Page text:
Last summer, the Tobacco Products Scientific Advisory Committee (TPSAC) released a report that was supposed to help guide the FDA in deciding whether to ban menthol cigarettes from the market. Instead of issuing a specific recommendation, however, the TPSAC report merely suggested that the agency should consider all of the potential effects of a menthol ban if it does consider such a policy. Unlike TPSAC, however, ACSH’s Dr. Gilbert Ross has a strong opinion on the potential menthol proscription: He thinks it’s a bad idea. “The rationale for such a ban is flawed, and the repercussions will be dangerous for public health,” he says.
“Banning menthol is a simplistic approach to reducing the toll of cigarette smoking,” Dr Ross continues. “One rationale for such a ban is the myth that mentholated cigarettes are more dangerous to one’s health than non-menthols — an idea that’s refuted in ACSH’s publication on this subject.” In fact, a new FDA study just published in Nicotine and Tobacco Research finds that older menthol smokers have an overall 41 percent reduced rate of lung cancer mortality compared to regular cigarette smokers.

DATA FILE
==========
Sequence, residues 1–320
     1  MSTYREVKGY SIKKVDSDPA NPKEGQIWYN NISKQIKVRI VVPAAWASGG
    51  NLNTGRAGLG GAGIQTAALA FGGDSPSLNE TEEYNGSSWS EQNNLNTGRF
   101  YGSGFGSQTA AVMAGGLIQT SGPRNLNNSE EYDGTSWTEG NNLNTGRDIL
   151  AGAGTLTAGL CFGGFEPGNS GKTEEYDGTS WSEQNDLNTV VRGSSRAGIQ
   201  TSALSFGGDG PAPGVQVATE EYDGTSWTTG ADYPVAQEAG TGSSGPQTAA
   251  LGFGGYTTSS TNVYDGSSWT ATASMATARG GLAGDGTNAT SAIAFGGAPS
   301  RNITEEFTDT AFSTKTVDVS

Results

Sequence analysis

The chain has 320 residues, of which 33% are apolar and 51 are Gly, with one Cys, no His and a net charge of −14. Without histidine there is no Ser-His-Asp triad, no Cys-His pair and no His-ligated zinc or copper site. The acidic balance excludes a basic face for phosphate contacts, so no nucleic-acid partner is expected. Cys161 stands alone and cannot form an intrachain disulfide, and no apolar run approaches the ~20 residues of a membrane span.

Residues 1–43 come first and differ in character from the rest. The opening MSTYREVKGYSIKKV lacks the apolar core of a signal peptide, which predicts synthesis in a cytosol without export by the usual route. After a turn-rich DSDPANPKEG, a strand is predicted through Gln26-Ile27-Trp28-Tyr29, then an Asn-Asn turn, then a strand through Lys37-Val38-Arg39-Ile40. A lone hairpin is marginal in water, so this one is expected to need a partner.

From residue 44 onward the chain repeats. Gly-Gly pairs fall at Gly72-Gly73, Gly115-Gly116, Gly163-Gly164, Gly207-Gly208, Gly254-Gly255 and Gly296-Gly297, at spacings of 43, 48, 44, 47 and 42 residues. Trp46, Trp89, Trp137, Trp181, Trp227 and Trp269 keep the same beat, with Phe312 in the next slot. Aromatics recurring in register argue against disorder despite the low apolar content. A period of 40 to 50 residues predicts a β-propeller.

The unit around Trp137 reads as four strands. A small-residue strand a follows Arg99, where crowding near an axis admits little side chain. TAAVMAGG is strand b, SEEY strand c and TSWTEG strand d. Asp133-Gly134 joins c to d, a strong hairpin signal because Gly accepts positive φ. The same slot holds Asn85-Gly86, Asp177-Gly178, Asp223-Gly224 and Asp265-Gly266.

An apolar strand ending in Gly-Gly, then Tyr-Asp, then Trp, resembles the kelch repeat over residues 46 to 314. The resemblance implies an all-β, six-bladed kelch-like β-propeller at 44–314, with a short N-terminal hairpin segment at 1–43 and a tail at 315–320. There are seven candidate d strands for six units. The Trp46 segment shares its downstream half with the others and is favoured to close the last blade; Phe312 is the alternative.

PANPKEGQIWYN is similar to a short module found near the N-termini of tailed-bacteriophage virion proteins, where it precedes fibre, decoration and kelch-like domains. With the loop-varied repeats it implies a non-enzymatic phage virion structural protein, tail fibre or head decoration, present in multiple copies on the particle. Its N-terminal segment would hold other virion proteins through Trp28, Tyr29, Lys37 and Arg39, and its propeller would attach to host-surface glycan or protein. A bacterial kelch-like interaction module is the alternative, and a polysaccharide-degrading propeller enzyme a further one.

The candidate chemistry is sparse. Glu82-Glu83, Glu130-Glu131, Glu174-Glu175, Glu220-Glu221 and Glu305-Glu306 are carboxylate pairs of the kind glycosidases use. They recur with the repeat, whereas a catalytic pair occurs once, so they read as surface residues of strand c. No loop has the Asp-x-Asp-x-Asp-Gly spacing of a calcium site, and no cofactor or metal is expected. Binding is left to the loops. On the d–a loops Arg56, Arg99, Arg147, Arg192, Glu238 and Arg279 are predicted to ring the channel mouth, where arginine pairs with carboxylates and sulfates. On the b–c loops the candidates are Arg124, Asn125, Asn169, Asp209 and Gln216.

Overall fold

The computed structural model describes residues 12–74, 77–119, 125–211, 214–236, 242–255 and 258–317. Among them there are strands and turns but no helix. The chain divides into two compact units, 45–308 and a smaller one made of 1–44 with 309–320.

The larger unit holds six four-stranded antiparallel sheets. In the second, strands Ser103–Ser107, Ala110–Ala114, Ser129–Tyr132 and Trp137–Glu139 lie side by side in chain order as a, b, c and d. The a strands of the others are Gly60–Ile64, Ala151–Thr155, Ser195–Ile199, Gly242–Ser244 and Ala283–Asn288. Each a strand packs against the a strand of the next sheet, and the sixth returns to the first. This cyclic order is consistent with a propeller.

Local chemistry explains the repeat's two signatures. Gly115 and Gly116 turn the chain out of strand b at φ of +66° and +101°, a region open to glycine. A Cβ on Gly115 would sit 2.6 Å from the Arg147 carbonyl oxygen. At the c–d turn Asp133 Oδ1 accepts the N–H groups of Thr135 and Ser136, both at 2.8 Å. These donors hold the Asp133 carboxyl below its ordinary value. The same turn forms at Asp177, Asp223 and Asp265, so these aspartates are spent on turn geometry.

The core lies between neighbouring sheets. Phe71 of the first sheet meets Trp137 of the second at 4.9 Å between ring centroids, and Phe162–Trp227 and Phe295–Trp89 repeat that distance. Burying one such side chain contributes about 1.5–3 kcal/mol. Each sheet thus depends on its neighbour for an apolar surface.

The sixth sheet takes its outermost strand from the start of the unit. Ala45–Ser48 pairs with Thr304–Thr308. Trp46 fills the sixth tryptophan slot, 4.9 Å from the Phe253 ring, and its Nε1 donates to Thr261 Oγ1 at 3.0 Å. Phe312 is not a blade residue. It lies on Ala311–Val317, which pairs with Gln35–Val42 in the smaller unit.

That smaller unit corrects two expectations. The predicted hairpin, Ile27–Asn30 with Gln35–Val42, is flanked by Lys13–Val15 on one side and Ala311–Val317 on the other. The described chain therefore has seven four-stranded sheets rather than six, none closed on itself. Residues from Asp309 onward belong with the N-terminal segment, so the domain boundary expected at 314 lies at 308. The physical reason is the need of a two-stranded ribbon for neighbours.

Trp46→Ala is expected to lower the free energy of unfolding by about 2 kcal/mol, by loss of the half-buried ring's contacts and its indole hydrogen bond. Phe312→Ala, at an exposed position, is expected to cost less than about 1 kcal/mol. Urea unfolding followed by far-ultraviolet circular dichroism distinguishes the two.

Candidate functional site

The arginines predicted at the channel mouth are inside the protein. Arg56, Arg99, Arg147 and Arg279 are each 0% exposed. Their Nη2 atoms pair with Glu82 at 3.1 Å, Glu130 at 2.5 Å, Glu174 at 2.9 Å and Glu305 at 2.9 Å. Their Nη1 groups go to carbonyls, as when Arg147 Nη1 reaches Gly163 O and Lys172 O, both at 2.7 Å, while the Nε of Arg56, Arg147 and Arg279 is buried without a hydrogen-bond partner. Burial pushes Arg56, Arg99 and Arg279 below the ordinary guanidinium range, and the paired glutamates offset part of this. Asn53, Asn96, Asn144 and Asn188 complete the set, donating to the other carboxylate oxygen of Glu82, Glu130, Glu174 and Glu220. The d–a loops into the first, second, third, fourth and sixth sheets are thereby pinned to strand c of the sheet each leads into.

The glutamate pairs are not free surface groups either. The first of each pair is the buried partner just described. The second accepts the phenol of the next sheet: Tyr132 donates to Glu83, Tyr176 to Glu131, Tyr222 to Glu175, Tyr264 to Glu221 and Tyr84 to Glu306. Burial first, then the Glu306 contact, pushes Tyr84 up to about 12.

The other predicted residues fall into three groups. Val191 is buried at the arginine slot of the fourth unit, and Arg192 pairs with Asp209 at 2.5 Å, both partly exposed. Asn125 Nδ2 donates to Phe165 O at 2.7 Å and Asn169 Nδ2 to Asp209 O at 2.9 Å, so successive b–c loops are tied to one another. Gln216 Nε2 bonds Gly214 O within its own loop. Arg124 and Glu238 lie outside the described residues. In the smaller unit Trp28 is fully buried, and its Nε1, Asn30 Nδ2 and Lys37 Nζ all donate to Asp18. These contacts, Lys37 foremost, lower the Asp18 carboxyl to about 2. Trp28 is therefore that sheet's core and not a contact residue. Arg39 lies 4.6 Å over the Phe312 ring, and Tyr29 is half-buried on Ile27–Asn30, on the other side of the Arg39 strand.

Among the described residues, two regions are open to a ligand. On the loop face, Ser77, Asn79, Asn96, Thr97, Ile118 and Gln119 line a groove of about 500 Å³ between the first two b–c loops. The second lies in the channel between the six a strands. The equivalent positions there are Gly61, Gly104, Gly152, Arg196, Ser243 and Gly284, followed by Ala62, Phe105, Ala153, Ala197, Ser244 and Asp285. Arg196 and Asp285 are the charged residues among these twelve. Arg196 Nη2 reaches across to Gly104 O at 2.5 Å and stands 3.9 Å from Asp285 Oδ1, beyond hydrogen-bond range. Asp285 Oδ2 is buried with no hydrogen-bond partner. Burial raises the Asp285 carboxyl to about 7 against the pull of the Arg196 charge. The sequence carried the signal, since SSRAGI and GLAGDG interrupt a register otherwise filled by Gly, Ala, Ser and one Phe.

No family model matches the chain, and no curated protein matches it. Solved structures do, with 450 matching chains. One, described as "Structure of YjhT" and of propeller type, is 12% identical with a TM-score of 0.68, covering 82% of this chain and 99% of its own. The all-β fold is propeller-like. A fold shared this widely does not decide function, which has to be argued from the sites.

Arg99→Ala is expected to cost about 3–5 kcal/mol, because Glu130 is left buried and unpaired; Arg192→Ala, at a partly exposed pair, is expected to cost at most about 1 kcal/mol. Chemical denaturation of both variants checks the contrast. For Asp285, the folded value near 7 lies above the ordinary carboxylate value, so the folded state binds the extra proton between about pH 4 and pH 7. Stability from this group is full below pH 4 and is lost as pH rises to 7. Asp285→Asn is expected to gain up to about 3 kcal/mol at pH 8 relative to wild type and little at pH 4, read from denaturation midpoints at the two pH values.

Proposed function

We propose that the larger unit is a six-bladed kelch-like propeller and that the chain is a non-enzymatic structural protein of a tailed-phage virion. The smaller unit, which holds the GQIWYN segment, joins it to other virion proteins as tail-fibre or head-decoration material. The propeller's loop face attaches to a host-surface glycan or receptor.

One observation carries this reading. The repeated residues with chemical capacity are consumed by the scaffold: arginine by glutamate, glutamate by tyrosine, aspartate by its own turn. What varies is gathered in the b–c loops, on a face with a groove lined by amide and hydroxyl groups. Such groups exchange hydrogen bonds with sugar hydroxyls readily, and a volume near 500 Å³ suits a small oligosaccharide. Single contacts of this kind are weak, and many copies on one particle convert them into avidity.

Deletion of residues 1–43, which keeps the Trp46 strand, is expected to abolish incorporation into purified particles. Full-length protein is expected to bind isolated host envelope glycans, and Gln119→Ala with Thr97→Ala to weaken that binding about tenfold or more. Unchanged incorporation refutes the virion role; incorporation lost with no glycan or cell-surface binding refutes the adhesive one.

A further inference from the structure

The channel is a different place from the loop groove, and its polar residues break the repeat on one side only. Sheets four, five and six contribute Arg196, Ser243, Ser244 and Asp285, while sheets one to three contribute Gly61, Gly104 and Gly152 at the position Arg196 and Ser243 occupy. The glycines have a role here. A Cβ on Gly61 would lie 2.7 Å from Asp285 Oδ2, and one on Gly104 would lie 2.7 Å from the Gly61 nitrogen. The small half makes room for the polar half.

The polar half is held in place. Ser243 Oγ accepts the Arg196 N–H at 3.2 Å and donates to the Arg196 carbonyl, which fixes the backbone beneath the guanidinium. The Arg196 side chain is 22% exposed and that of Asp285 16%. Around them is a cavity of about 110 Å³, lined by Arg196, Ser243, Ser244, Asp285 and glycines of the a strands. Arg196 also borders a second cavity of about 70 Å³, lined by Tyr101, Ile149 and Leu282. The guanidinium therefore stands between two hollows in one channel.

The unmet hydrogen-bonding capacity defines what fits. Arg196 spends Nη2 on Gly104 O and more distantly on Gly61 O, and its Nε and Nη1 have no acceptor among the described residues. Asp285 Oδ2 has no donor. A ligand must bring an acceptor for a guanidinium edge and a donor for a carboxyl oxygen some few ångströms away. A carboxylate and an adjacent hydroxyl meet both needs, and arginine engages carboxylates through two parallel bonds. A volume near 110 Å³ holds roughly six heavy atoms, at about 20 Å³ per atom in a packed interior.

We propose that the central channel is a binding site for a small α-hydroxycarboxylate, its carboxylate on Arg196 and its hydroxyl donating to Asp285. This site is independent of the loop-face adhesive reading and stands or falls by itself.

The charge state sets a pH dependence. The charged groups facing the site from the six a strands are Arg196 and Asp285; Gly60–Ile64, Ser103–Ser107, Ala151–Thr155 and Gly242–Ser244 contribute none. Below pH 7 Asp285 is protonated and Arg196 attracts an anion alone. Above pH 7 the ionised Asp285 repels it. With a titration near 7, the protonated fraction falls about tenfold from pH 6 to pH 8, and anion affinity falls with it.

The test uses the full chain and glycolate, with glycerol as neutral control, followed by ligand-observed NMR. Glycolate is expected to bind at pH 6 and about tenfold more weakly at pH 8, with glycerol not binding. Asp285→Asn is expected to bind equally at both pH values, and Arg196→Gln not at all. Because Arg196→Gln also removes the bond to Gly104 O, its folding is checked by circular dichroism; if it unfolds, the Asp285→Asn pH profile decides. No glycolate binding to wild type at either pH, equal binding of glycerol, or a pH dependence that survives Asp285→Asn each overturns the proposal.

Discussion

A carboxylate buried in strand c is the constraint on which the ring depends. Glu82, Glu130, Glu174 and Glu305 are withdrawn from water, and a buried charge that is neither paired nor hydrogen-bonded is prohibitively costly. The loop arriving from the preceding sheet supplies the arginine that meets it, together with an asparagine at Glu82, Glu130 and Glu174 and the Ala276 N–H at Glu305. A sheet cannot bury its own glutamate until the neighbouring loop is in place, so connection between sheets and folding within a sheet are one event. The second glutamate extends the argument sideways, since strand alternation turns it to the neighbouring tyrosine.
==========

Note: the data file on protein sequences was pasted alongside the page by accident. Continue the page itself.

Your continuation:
For the study, Dr. Brian Rostron from the FDA’s Center for Tobacco Products analyzed data on nearly 5,000 smokers from a U.S. national health survey in 1987. After matching study participants to mortality incidence using the National Death Index, he found that, among smokers aged 50 and older, menthol smokers had a lower lung cancer mortality risk. Though Dr. Rostron can’t explain what factors account for the difference, Dr. Ross points out that “clearly, the health risks associated with menthol cigarettes are not greater compared to regular cigarettes.”
But perhaps most significantly, Dr. Ross adds, “It’s important to remember that mandating the removal of menthol from cigarettes is likely to lead to unintended consequences that would outweigh any potential benefits. For instance, such a ban would create a black market for menthol cigarettes, which will provide minors with ready access to smoking — something we’d all like to prevent.”